By Jacqueline L. Salmon and Michelle Boorstein
Washington Post Staff Writers
Friday, December 5, 2008
Episcopal Church experts and disaffected conservatives predicted yesterday that intense lobbying would soon begin over dissidents' plans to leave the church and create a new Anglican community in the United States.
The two sides will try to convince Anglican leaders worldwide either of the value or the cost of a second branch of the U.S. church, one that would be based less on geography than on theology.
Bishop Martyn Minns, a Virginia-based leader of the breakaway movement, confidently predicted victory. "I think we've got a good basis of support for what we're doing," he said
But experts on the Episcopal Church and the Anglican Communion said approval is by no means guaranteed.
Many of the church leaders from around the world who would vote on the new province "want to preserve the Anglican Communion, and they don't like the politics surrounding this," said the Rev. William Sachs, director of the Center for Interfaith Reconciliation at St. Stephen's Church in Richmond.
The Anglican Communion, a loose affiliation of 77 million people, has been racked for years by internal strife over the interpretation of the Bible, the role of Jesus as savior and the acceptance of gay men and lesbians.
Matters came to a head five years ago when the Episcopal Church ordained its first openly gay bishop. Since then, a growing number of parishes and dioceses have left the 2.3 million-member U.S. church.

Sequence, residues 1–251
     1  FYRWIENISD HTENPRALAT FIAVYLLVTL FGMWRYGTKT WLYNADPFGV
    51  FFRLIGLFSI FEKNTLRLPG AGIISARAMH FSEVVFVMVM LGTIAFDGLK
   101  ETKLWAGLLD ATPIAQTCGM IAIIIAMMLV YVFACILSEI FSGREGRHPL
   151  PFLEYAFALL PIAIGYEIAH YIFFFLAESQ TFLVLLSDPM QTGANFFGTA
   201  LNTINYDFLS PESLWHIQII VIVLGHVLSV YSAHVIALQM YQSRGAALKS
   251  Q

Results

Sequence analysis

On Wednesday, conservatives meeting in Wheaton, Ill., voted to form a province that would be home to those angered by what they see as the Episcopal Church's increasingly liberal tilt.
A new province could prove dangerous to the fragile worldwide communion, said the Rev. Miranda Hassett, author of the book "Anglican Communion in Crisis."
"If some overseas provinces choose to recognize this new agency as the primary . . . Anglican church in the United States and then other provinces recognize both or continue to primarily recognize the Episcopal Church as the Anglican province in the United States, then it is going to be another step in the direction of a split communion," Hassett said.
Yesterday, church officials and others sketched out routes the new province could take to win approval from the Anglican Communion. The decision most likely rests with the Anglican Consultative Council, a body that includes bishops, other clergy and lay members appointed by the 38 provinces of the communion. It is scheduled to meet in May.
Yesterday, Minns said he thinks that two-thirds of the council would vote to recognize the new North American province. But bishops opposed to the province said they disagree.
"I would be very surprised if it were that large," said Bishop Eugene Sutton of Maryland. "I do not believe that's the case at all."
Experts warned of a potentially damaging period as bishops and other church leaders jockey to influence the vote and try to persuade the church's spiritual leader, Archbishop of Canterbury Rowan Williams, to support or oppose the new province.
Communion spokesman Gregory K. Cameron said Williams is unlikely to make a decision personally and is expected to confer with the other primates -- the chief bishops of the communion's provinces -- when they meet early next year or with the Consultative Council in May.
Sachs said it is possible that Williams will try to propose a compromise, perhaps creating a special category for the new province. But if that happened, Sachs said, the Episcopal Church would see it as a capitulation to conservatives. "That would please no one," he said.